Skip to main content
It looks like you're using Internet Explorer 11 or older. This website works best with modern browsers such as the latest versions of Chrome, Firefox, Safari, and Edge. If you continue with this browser, you may see unexpected results.

Lehigh University Libraries - Library Guides


History of Mathematics

Assorted resources relating to history of mathematics (with thanks to Prof. Steven Weintraub and Lehigh University's Special Collections for suggestions)

1. Lehigh University's Special Collections: Historical works in history of mathematics

Special Collections has holdings in the history of mathematics. For help in identifying these holdings as they relate to your interests, or to set up an individual or class visit to Special Collections to view them, contact the Science Librarian.

An example of Lehigh University holdings in Special Collections are works by Arthur Cayley. Professor Steven H. Weintraub of Lehigh University's  Mathematics Department researched the mathematical, historical, and biographical significance of the materials from Arthur Cayley in this collection. These consist of a memoir on the quintic equation (manuscript) and letters from Cayley to Robert Harley.

Also, Lehigh University contributed images to the  Index of Mathematical Treasures, part of the MAA 's Convergence Project. For example, see John Napier's  Rabdologiae (6 images), 1617. (Webpage author: Frank J. Swetz of Pennsylvania State University.)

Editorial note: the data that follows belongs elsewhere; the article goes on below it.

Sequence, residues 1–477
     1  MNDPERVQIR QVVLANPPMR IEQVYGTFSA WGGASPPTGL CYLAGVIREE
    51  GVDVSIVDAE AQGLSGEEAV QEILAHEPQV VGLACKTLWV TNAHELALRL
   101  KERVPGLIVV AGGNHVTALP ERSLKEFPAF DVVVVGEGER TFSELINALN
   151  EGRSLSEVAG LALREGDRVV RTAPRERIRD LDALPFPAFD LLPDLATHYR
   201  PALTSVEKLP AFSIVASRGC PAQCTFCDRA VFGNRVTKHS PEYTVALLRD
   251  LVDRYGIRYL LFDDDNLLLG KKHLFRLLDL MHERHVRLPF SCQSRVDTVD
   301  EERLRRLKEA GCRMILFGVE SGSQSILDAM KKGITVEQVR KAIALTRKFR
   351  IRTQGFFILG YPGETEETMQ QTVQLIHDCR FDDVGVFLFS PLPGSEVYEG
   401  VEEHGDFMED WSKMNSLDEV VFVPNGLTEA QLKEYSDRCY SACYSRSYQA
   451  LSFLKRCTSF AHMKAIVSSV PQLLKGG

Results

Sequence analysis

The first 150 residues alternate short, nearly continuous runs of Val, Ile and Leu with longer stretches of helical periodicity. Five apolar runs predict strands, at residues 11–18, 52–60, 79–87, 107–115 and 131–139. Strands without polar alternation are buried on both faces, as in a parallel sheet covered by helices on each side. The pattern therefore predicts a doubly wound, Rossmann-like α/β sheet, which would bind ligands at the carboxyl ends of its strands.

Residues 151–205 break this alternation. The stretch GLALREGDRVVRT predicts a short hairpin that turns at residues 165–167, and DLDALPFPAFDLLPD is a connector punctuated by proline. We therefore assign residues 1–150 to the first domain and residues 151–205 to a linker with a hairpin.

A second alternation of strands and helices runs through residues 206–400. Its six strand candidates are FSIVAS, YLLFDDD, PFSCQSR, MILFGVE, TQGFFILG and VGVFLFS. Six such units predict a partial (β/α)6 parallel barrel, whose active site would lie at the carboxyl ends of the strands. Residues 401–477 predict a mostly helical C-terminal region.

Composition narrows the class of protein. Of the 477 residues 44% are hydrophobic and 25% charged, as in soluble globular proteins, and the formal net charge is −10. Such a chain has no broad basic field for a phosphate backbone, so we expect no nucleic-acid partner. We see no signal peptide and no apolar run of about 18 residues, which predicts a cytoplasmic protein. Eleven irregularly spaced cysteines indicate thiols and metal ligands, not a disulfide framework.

2. Lehigh University's Library: electronic resources

Lehigh subscribes to Historia Mathematica, the leading journal in the history of mathematics.

See also MathSciNet. From the database's description:

"Continuing in the tradition of the paper publication, Mathematical Reviews (MR), which was first published in 1940, expert reviewers are selected by a staff of professional mathematicians to write reviews of the current published literature; over 80,000 reviews are added to the database each year. Extending the MR tradition, MathSciNet® contains almost 3 million items and over 1.7 million direct links to original articles. Bibliographic data from retrodigitized articles dates back to the early 1800s. Reference lists are collected and matched internally from approximately 550 journals, and citation data for journals, authors, articles and reviews is provided.  This web of citations allows users to track the history and influence of research publications in the mathematical sciences."

Note: Use of the afore-mentioned "web of citations" is a powerful technique for tracing the history of mathematical sub-fields.

3. Resources about using history of mathematics in teaching

Courtesy Prof. Steven Weintraub:

Try a Google search on:   using primary sources in teaching mathematics.

Also, do a Google search on: TRansforming Instruction in Undergraduate Mathematics via Primary Historical Sources (TRIUMPHS)

Some webpages from Ursinus are here and here.


For a paper about use of historical materials in mathematics pedagogy, see: The Pedagogy of Primary Historical Sources in Mathematics: Classroom Practice Meets Theoretical Frameworks.